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posted by janrinok on Saturday December 03 2022, @05:47AM   Printer-friendly

Sperm counts worldwide are plummeting faster than ever:

A 2022 meta-analysis found that sperm counts (the number of sperm per ejaculate) in humans have been dropping at an increasing rate in recent decades, reports National Geographic. A 2017 study found that sperm counts had "plummeted by more than 50 percent among men in North America, Europe, Australia, and New Zealand between 1973 and 2011." The newer study found that "not only has the decline in total sperm counts continued — reaching a drop of 62 percent — but the decline per year has doubled since 2000."

Shanna Swan, a reproductive and environmental epidemiologist at the Icahn School of Medicine at Mount Sinai in New York City, says the plummeting sperm counts could be attributed to multi-generational exposure to environmental chemicals.

From the study:

The initial study, published in July 2017, revealed that sperm counts—the number of sperm in a single ejaculate—plummeted by more than 50 percent among men in North America, Europe, Australia, and New Zealand between 1973 and 2011. Since then, a team led by the same researchers has explored what has happened in the last 10 years. In a new meta-analysis, which appears today in the journal Human Reproduction Update, researchers analyzed studies of semen samples published between 2014 and 2019 and added this to their previous data. The newer studies have a more global perspective and involved semen samples from 14,233 men, including some from South and Central America, Africa, and Asia. The upshot: Not only has the decline in total sperm counts continued—reaching a drop of 62 percent—but the decline per year has doubled since 2000.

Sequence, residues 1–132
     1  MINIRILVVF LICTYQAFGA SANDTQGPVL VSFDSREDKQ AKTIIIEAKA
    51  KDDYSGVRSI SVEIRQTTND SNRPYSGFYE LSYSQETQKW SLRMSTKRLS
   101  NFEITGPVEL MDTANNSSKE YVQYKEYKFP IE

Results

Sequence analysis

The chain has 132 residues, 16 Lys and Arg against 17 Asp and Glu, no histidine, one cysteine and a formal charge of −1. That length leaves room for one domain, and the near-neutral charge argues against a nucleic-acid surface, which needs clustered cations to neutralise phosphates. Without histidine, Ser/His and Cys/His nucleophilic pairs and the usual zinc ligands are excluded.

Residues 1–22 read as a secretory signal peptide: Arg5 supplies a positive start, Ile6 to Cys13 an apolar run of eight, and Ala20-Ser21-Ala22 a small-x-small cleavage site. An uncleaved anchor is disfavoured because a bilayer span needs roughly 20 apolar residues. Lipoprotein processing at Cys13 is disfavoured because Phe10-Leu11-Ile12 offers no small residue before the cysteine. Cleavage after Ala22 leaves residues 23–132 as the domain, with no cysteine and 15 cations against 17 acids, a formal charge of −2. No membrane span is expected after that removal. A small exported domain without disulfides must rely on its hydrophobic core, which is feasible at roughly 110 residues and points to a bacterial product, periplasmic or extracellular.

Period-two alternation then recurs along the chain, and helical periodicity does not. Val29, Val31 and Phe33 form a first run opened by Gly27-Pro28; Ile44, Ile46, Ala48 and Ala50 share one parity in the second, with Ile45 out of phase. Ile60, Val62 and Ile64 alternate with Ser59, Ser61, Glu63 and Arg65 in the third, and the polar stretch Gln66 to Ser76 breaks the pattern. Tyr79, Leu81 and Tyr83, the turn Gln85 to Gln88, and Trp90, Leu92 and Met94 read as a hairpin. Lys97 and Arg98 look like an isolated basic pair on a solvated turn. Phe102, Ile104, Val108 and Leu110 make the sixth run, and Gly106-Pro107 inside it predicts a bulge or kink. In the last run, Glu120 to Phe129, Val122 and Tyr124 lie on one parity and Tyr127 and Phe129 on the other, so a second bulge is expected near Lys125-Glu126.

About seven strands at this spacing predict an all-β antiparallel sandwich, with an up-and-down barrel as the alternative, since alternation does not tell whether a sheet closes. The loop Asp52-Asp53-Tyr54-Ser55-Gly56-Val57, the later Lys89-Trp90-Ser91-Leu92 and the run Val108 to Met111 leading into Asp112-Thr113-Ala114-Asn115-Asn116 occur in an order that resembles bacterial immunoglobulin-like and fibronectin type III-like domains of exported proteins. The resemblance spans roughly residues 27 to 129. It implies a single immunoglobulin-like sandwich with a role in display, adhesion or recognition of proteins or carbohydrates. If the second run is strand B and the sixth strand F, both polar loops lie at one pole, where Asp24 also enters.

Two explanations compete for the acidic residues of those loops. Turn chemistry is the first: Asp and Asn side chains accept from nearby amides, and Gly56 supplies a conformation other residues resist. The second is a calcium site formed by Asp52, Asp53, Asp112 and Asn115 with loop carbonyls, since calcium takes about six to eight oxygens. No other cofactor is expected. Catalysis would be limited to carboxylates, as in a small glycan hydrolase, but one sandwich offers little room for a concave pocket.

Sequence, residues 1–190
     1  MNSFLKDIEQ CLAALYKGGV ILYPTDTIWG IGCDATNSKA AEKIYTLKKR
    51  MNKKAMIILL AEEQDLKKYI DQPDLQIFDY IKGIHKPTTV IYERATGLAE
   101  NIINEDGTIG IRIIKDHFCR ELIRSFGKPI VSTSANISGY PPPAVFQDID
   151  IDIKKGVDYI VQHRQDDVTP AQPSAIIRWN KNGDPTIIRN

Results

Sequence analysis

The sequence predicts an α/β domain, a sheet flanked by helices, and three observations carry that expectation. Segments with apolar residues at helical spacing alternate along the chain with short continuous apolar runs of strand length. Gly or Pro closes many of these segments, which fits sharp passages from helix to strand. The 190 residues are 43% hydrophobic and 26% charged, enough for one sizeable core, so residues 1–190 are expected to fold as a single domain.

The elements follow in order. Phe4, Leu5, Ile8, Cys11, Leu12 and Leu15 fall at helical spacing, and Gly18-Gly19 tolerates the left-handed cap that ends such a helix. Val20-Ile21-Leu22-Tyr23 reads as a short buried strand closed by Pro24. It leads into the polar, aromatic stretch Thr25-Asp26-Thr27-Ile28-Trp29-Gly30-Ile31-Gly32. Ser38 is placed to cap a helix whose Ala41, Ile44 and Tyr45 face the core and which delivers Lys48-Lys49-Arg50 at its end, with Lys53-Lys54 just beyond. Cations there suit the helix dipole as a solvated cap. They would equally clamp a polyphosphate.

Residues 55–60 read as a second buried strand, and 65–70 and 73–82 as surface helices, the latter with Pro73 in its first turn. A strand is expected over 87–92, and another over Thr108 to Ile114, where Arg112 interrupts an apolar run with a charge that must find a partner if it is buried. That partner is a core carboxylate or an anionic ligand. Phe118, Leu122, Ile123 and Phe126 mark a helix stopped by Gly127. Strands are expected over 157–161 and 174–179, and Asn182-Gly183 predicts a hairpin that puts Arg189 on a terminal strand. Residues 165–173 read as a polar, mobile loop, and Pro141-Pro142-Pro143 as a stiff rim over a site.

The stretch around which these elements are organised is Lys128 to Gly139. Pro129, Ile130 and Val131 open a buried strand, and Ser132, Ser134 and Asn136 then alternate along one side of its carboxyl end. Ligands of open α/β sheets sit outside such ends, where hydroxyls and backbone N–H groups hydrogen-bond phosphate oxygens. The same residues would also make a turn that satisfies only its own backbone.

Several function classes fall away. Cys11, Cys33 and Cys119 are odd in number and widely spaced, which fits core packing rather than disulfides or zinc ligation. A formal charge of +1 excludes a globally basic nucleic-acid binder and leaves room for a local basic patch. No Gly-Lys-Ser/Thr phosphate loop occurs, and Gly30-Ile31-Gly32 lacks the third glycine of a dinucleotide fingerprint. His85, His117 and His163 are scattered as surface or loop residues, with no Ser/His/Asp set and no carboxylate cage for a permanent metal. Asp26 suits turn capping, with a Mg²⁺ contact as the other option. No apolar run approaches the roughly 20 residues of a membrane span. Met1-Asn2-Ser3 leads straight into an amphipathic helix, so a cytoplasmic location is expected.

[...] Contrary to common perception, infertility impacts men and women equally, says Amy E.T. Sparks, a reproductive physiologist and director of the IVF and Andrology Laboratories at the University of Iowa Center for Advanced Reproductive Health. "I think the perception that infertility is primarily a woman's problem may be due to the tendency for women to initially seek medical care for infertility rather than men." In the scientific community, the prevailing view is that male and female fertility challenges are each responsible for about one-third of infertility cases; the remaining cases are due to a combination of male and female factors.

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  • (Score: 3, Interesting) by istartedi on Saturday December 03 2022, @08:49PM

    by istartedi (123) on Saturday December 03 2022, @08:49PM (#1281045) Journal

    Statistically, maybe we really don't know why. We do have some understanding on an individual level [] and obesity seems to stick out on that list. According to the WHO obesity has tripled since 1975 [] so that's a smoking gun right there. Speaking of which, smoking hits sperm too but that's been in decline--at least in the West. In other countries it might be the opposite. Now that China is wealthier they might be smoking more (I'm given to understand they smoke a lot there).

    I'm sure they've thought about all this, and maybe just haven't been able to establish causality on a global scale but it seems likely we're just doing it to ourselves with lifestyle, if not some chemical or a stealthy pandemic of some unidentified STD.

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